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Rick Graham - Guitar Roadmaps Part 5: Triad Improvisation

Lesson Notes

** As featured in issue 6 **

Practicing scales is undoubtedly a fantastic method of unlocking the fingerboard for the advancing guitarist. However, it is not the only way to do it. One extremely effective way of helping us to gain much more fretboard knowledge is working with chord shapes and the best way to start is with the simplest type of chord: the triad.

At this point you may well be thinking 'well I already know my open chords and barre chords so how is this going to help me?' and you'd be forgiven for thinking so however, what we are going to do is approach these triads in a way which I'm sure is completely new to you.

What we are going to do is take the three major triads which belong in the key of A, which are A major(I), D major(IV) and E major(V). Our next step is really where this approach comes into its own and demonstrates the the power of limitation. What we are going to do is play these triads in that same order i.e. I - IV - V but only using three strings at a time. Starting with the E, A and D strings we play the first available A major triad followed by the closest available D triad which is then followed by the closest available E triad. By following this limitation you will be ascending through various different root position and inversion shapes of those three triads, which will eventually lead to you to the first shape that we started with but one octave higher.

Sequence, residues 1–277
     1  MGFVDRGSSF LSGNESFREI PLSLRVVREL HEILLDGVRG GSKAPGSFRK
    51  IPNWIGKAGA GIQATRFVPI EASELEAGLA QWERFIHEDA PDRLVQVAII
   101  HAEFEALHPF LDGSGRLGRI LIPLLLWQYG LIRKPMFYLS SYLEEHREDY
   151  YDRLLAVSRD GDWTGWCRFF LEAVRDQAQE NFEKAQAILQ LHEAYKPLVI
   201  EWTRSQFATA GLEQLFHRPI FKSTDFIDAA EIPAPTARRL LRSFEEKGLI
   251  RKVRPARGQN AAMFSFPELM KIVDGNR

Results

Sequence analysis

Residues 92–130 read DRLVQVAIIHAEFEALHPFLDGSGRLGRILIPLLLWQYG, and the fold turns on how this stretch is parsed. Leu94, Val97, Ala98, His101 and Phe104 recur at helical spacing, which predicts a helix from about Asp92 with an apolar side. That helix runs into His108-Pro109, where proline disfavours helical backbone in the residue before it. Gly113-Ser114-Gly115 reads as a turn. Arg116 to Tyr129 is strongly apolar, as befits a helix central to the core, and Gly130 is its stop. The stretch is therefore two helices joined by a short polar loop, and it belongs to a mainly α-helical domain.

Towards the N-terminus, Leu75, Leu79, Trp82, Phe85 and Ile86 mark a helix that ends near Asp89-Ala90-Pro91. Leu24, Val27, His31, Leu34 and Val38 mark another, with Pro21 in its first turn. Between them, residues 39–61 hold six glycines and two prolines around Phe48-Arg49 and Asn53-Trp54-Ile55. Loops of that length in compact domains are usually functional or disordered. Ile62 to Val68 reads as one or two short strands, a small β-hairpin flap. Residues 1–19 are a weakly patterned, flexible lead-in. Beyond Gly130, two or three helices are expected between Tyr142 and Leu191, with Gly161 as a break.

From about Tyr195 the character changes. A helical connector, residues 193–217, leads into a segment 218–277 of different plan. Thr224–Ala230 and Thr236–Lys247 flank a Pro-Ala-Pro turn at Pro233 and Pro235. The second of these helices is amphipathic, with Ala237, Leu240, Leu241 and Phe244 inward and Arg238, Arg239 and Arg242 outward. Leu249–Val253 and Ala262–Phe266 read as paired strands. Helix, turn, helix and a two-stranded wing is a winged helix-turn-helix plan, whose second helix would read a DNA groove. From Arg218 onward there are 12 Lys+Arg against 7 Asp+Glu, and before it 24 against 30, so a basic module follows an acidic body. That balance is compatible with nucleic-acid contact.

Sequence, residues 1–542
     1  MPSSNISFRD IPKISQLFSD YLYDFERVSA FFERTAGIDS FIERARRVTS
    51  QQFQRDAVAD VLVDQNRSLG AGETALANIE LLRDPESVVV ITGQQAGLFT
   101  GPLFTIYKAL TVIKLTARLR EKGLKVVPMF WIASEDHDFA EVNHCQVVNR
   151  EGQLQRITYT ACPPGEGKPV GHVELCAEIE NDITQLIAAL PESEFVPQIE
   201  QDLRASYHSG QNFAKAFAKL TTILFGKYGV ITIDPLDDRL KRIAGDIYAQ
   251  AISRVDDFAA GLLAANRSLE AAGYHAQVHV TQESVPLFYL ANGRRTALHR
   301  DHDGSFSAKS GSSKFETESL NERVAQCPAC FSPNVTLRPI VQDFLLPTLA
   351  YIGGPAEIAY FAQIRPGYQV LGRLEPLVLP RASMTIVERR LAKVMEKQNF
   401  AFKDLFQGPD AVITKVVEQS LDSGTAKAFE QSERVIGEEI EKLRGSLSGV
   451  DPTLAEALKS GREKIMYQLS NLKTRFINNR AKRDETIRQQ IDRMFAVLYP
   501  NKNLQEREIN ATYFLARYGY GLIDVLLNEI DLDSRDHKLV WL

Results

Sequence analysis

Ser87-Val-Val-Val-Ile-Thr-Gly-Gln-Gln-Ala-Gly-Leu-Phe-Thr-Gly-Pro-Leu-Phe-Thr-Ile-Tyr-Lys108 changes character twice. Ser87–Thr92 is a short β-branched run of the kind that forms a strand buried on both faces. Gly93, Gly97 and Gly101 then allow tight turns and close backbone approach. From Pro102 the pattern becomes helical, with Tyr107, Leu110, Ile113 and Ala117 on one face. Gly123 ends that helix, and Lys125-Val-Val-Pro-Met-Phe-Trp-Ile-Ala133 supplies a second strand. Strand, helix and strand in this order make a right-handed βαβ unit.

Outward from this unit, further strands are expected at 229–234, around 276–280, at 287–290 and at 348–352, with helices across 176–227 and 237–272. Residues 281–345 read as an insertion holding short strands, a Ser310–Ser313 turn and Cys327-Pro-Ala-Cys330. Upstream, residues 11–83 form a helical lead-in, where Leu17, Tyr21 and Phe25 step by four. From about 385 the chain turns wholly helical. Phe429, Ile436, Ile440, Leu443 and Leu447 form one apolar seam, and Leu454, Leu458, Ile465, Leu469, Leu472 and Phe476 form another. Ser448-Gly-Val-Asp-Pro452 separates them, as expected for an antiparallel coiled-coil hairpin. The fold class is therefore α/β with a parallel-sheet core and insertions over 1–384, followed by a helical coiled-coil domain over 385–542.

Following the same principle we then move our triad shapes to the next available string group, which is the A, D and G strings. Again, we play the root position and inversion triads until we reach the first shape but one octave higher. We continue this with the D, G and B strings and finally finish by applying these shapes to the G, B and E strings.

You see what I mean? Playing triads in this fashion is something that really is overlooked far too much by guitarists as doing this can not only help unlock the fretboard for you, but can also be an invaluable tool for improving your improvising, especially when you are looking to target those chord tones.

The next step is to allocate a time frame for each of the triads within our backing track  and for this I have allocated an harmonic pace of two beats. The backing track is in common time (4/4) so it follows that we will have a cycle of A for two beats, D for two beats, E for the first two beats of the next bar and then A again for the last two beats of bar two. The cycle then repeats.

Once you have practiced those triads in ascending order and feel comfortable with all of those shapes everywhere on the fingerboard, it's time to start improvising with them. Take your time and be sure that you really know where those shapes lie. If you find yourself struggling, be sure to stop and go back to working on memorising the shapes.

When you are comfortable with that, it's time to have a go at improvising single note lines. This is even more challenging! Remember to play the notes of each given triad during the allotted time frame. No other notes are allowed.

This study is essentially what we could call a limitation exercise as we are taking only the notes of the aforementioned triads and we are limiting ourselves to them. This is an extremely challenging method of practicing but persevere with it and the rewards are well worth it. Best of luck!


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